In The nomination committee — coming out of the shadows published by EY and ICSA the authors wrote, “While its role may be less clearly defined than that of the audit committee, and its profile lower than that of the remuneration committee, it is arguably the most important of the three. It plays a pivotal role in appointing directors to the board and, if the board lacks the right balance, knowledge, skills and attributes, the likelihood of it and its committees operating effectively is greatly reduced.”
The report is based on a series of roundtable discussions held with board chairmen, nomination committee chairmen and members, and company secretaries from over 40 listed companies (predominantly from the FTSE 350). These events found that the nomination committees were working in a range of ways depending on the size of company, the sector, the size of board and how developed the committee was.
However, the authors stated that many of the representatives told EY that their companies were expanding the role of their nomination committee, as well as adopting a more professional approach to the recruitment and selection of candidates. They were keen not only to share their experiences, EY said, but also to learn how others were addressing these issues and identify ideas that might be useful for their own committee.
The discussions found that many nomination committees are looking at executive appointments below board level and seeking to understand the management of talent in the organisation. The report states that, “As is always the case with the board and board committees, NEDs (non-executive director) need to achieve balance in their role – providing oversight of management activity, rather than being involved themselves in the management of the talent pipeline. ” Developing executives so that they are ready to serve on the company board is a challenge for companies but an accepted approach now is for executives to be encouraged to become non-executive directors of other organisations – either of another listed company or on charitable boards. However, with the role of non-executive directors becoming more onerous it is becoming harder for executive directors to also be a NED.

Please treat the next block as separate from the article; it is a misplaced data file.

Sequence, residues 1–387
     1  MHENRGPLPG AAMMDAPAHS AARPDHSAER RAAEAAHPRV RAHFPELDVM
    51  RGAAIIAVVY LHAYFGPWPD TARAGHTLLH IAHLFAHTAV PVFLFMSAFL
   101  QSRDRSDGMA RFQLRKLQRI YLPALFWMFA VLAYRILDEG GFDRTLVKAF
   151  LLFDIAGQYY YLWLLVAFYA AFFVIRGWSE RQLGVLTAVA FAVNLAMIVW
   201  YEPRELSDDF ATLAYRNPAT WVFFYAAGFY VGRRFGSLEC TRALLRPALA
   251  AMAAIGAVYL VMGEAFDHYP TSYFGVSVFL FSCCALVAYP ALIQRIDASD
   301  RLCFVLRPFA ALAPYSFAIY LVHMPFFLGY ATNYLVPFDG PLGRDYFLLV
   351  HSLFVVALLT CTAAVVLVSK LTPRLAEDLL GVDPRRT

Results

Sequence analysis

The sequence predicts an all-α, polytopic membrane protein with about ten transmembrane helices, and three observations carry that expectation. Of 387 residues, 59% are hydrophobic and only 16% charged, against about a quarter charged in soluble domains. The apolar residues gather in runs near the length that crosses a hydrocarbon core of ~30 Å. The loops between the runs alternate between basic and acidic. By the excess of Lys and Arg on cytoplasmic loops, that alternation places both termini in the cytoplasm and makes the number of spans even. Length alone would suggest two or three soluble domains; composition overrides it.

Recruiting NEDs has also become more challenging with a focus on achieving more diversity on boards and when an international business needs to recruit board members from a range of nationalities. The report stated, “While we heard how having a wide variety of nationalities on a board can be challenging for the chairman due to their different approaches and business cultures, in our view, these are challenges worth overcoming in pursuit of board effectiveness.” Finding NEDs with a broad range of skills can also be difficult , although “Companies also accept that there are limitations on the skills and personal qualities that single board members can be expected to offer.”
Headhunters and recruitment agencies are frequently used to find candidates as companies know that they need to look beyond a pool of known experienced directors. The attendees at the round tables emphasised “the importance of briefing headhunters in a clear and unambiguous manner. It was felt that when chairmen and company secretaries challenge headhunters to provide a more diverse list of candidates and are specific about the skills and attributes required, they often receive a better long list of candidates.”
In the recently published Inquiry into fairness, transparency and diversity in FTSE 350 board appointments produced by the Equality and Human Rights Commission it had recommended that board appointments should be openly advertised however EY found distrust of this approach as there was a suggestion that the type of people who might apply were unlikely to be the right people although the Centre for Public Appointments has indicated that it has not received large numbers of applications from inappropriate individuals, EY said.
The Equality and Human Rights Commission also suggested that you could widen the candidate pool for board roles by considering suitably qualified individuals from outside the FTSE 350, such as the professions, the not-for-profit and public sectors, and academia.